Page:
The man in line to be the next leader of Senate Democrats is warning Republicans are “playing with fire” if the debt limit is not addressed before the current speaker’s resignation takes effect.
Sen. Charles E. Schumer may never have thought as highly of Speaker John A. Boehner as he does now. That’s because the New York Democrat wants the outgoing Republican from Ohio to move as many deals across the House floor as he can before stepping aside around Halloween.
“We hope that we can move as quickly as possible on all of these things. The closer you get to the deadline, whether it’s Nov. 5 or Dec. 11 for the budget, the greater risk that the damage will occur,” Schumer told CQ Roll Call during an interview in his Hart office.
“I can’t see it getting better after Speaker Boehner, so the fact that it’s on Speaker Boehner’s plate is probably a good thing,” Schumer said. “My hope is he’d take both of them off the table, do a favor to … whoever wins the Republican contest, but more importantly get these things done and done in the right way.”
The top priority is raising the debt limit, an issue which would create an immediate crisis for a new speaker if the estimated Nov. 5 deadline from Treasury Secretary Jacob J. Lew comes true. An analysis by the Bipartisan Policy Center released Wednesday suggested the real “X-Date” may fall as late as Nov. 19.
The House Republican leadership turmoil creates political opportunity for Democrats such as Schumer, but with the stakes so high — a potential U.S. government default — even the Democratic messaging wizard wants the debt limit issue resolved before Boehner leaves.
And even in the Senate minority, Schumer says Democrats won’t be afraid to vote to increase the debt limit, despite past protest votes. Raising the debt ceiling was long viewed as a politically toxic vote, though Schumer said he thinks the calculation has changed.
“I think so. Because a group of Republicans flirted with really not renewing the debt ceiling, people saw the damage even in flirting with it,” Schumer said. “I don’t think Democrats by and large will vote against it. We will vote for it, but our Republican colleagues are playing with fire.”
Schumer appeared to be alluding to comments made in a Monday CNN interview with House Oversight and Government Reform Chairman Jason Chaffetz, a Utah Republican who is one of three would-be successors to Boehner.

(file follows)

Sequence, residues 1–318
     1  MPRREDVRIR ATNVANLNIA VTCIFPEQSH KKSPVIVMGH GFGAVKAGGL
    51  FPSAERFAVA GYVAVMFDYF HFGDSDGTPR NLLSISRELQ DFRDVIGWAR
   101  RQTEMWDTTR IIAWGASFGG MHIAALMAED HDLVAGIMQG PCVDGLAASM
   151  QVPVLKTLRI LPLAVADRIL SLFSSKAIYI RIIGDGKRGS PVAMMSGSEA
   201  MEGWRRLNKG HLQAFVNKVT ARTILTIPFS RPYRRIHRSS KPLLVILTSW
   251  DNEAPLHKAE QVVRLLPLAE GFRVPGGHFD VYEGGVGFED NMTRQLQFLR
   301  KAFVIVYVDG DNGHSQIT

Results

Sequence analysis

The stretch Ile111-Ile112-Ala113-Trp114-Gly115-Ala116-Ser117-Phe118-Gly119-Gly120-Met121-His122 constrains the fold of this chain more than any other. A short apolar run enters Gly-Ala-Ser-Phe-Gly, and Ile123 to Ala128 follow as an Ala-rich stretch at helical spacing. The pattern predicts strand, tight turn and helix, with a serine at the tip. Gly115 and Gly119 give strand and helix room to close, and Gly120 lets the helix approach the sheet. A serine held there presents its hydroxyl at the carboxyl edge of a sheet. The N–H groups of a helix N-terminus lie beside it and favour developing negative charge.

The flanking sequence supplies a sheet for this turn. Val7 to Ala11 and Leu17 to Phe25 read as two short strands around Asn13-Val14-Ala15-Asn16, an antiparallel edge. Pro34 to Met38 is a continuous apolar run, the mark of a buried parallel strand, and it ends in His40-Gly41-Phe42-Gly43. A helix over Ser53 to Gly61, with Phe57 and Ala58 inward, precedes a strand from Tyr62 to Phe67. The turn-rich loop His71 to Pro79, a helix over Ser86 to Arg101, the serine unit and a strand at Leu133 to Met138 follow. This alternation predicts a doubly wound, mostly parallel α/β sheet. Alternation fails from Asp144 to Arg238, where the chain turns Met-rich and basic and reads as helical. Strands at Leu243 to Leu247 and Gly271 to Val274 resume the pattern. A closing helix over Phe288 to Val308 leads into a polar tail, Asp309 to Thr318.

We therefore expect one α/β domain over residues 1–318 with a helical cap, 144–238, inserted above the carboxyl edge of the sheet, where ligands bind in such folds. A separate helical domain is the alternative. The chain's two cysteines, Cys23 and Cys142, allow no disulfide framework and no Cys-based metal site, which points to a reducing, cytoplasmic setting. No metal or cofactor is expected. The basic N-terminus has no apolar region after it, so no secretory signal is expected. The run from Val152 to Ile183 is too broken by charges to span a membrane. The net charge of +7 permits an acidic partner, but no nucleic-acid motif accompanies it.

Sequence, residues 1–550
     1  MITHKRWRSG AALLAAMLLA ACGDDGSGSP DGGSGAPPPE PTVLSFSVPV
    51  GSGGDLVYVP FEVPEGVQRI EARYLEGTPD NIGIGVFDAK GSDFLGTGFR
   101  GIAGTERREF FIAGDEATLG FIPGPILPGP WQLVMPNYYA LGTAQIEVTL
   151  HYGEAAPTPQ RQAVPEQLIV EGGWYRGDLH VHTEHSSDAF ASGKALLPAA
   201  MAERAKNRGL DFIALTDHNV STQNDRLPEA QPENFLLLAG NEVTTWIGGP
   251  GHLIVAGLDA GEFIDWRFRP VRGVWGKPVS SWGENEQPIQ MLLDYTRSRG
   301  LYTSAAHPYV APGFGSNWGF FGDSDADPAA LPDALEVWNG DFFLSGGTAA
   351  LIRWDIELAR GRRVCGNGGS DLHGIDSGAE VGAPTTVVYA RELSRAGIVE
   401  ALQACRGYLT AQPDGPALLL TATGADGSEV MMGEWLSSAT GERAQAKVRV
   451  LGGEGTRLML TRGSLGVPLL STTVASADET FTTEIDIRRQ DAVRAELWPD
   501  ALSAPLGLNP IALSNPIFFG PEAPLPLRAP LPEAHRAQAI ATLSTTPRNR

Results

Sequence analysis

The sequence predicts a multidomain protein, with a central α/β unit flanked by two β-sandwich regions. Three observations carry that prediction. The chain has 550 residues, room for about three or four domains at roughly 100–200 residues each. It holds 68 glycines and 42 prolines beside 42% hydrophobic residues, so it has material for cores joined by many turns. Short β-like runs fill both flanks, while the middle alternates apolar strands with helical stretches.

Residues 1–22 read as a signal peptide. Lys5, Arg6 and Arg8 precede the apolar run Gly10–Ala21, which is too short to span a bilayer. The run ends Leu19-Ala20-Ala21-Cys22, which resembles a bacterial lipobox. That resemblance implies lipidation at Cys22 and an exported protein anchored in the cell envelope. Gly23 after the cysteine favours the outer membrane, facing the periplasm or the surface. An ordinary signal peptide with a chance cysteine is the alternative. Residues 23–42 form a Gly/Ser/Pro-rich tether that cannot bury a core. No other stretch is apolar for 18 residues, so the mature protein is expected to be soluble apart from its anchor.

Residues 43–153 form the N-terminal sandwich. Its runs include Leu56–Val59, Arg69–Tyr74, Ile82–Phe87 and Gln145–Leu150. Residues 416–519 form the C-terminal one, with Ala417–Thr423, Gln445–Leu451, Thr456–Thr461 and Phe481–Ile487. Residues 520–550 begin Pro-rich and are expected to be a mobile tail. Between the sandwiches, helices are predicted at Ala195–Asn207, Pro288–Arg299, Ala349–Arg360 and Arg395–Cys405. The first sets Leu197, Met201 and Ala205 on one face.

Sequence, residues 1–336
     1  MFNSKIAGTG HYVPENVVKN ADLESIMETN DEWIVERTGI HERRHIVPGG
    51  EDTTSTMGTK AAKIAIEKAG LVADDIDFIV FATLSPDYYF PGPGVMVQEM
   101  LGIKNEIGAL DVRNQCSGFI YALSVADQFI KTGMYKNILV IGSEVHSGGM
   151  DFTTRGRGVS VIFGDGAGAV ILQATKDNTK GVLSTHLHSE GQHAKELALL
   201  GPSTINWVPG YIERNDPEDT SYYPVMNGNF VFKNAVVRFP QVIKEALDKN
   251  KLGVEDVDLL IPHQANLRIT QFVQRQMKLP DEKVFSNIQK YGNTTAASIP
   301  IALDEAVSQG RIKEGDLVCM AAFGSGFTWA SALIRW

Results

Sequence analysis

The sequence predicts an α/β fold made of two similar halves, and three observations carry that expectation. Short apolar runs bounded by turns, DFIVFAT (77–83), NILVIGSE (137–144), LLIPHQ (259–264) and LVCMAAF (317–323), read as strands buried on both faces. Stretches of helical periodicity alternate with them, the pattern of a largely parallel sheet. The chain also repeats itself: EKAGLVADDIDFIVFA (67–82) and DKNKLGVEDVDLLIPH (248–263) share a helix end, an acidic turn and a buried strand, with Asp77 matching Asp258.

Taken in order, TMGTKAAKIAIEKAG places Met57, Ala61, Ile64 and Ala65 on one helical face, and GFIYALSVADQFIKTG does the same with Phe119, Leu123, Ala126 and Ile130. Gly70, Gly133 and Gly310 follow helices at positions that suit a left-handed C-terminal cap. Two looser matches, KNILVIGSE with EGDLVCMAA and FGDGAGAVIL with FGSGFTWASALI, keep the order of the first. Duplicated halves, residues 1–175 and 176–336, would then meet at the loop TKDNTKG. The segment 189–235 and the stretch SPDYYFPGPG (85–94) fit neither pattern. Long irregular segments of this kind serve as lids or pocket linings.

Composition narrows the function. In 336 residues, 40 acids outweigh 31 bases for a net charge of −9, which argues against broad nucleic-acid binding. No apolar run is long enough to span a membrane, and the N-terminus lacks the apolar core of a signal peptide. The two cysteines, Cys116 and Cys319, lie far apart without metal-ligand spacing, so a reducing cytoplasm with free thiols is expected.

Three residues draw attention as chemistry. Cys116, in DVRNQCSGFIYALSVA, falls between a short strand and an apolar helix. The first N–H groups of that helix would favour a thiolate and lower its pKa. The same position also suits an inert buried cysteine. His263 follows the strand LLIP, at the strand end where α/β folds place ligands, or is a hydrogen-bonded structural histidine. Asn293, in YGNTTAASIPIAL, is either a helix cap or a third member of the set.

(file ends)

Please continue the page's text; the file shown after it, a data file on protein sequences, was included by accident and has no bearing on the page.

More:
“I think it’s wrong to signal that you’re going to cave in the end,” Chaffetz said of the repeated insistence by Senate Majority Leader Mitch McConnell, R-Ky., that there would be no shutdowns or federal defaults on his watch. “I think the Senate majority leader is wrong. I disagree with him.”
It used to work differently, with Democrats opposing debt limit increases during the George W. Bush administration. Even President Barack Obama conceded his opposition when he was a Democratic senator from Illinois in 2006 was little more than a political vote .
One of the releases of emails from former Secretary of State Hillary Rodham Clinton revealed she asked how many times she had voted against debt limit hikes while serving as Schumer’s junior colleague in New York.
Recent debt ceiling debates have demonstrated the vote isn’t a game anymore, Schumer said.
“To toy with the full faith and credit of America is really very, very risky. And the fact that they are willing to entertain not renewing the … debt ceiling is the height of irresponsibility, and I think the American people will see it,” Schumer said. “Now that it’s Nov. 5 … there’s an urgency to get it done, and get it done quickly.” Schumer was dubious on the prospects for a big deal on international tax changes to finance a highway bill, however. That is another issue that must be addressed before Boehner departs, with the current stopgap surface transportation bill due to expire.
Schumer wouldn’t tell CQ Roll Call how little of a spending increase Democrats would accept, but he reiterated past statements backing dollar-for-dollar increases on the defense and non-defense sides, as well as sufficient resources to prevent further sequestration.
Schumer was among the Democratic lawmakers from both sides of the Capitol to appear at a rally to promote getting an agreement to avert automatic spending cuts and increasing both defense and non-defense spending.
After speaking at that event, Rep. Chris Van Hollen of Maryland echoed Schumer’s warnings about the importance of getting big agreements before Boehner departs.
“I think [Boehner] needs to do the right thing by the country, and work on these issues before he leaves. I think he has some responsibility to not walk out in the middle of a crisis,” said Van Hollen, the ranking Democrat on the House Budget Committee. “It’s not enough just to keep the government open for, you know, a couple more months.”